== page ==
One of the barriers to the growth of solar energy is its relatively high cost compared to fossil fuels, especially natural gas. However, according to a recent article in Fortune, that is going to change in the next 25 or so years. A study conducted by Bloomberg New Energy Finance reports that the cost of solar is due to plummet as the cost of installing solar panels in both utility-scale plants and rooftops will drop by 60 percent, an average of 4 cents a kilowatt hour, by 2040. That cost makes solar cheaper than natural gas or coal in some areas.

Most of the reduction in the cost of solar has been gained from advances in technology as photovoltaic cells become more efficient. That process will continue, but the drop in installation costs will drive investment in solar so that it will represent 43 percent of new power generation built between this year and 2040. By that year, roughly 15 percent of power generated on the planet will come from solar energy. That means that the solar power industry will represent $3 trillion in new investment. One-third of these new projects will be small scale (i.e. rooftop systems) and two-thirds utility scale.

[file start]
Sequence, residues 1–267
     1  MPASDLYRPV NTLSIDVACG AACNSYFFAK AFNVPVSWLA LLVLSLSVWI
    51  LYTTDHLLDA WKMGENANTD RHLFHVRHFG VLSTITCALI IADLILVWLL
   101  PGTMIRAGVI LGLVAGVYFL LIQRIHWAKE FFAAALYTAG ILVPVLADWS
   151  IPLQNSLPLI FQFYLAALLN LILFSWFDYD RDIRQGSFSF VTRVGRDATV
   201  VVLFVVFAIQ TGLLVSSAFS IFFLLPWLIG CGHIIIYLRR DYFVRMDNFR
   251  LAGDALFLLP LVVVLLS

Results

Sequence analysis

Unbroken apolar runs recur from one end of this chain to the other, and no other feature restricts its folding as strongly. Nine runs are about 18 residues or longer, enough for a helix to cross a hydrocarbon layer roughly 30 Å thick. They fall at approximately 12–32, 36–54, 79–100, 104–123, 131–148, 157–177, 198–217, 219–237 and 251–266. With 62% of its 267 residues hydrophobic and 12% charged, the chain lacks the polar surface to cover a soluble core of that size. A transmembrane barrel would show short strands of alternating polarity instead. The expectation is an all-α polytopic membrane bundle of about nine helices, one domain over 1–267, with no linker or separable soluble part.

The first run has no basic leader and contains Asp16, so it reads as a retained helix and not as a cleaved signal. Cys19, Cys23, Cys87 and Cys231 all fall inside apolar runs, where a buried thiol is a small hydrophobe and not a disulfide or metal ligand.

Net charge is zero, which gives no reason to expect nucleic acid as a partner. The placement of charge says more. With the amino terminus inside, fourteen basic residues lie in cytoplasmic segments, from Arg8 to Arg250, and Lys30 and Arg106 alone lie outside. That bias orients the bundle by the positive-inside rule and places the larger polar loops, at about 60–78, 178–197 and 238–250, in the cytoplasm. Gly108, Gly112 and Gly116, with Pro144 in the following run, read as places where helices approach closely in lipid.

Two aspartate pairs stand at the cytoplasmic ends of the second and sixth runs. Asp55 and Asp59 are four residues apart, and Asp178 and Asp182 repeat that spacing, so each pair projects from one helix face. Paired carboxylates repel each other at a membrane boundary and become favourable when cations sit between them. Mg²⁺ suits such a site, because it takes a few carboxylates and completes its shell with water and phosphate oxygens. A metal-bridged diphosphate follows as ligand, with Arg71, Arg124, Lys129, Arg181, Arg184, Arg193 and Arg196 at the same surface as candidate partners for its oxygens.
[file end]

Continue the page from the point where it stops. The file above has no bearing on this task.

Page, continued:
The bottom line, because of the market and advances in technology, solar energy will increasingly be seen as part of the power-producing mix of the future.

It will contribute to the decarbonization of the energy industry, addressing problems of climate change and decoupling energy production from fuel sources that may or may not be accessible, depending on market and geopolitical factors. The sun, after all, shines on everyone, regardless of politics or any other belief.

The added benefit from this reduction in cost is that solar power can wean itself from government subsidies.

Because both the federal government and some state governments, such as California, are concerned about climate change, they have offered lavish subsidies to solar power companies to make that energy option more attractive. Lower costs mean that those subsidies can be lifted and solar can compete on an even playing field with fossil fuels and other sources of energy.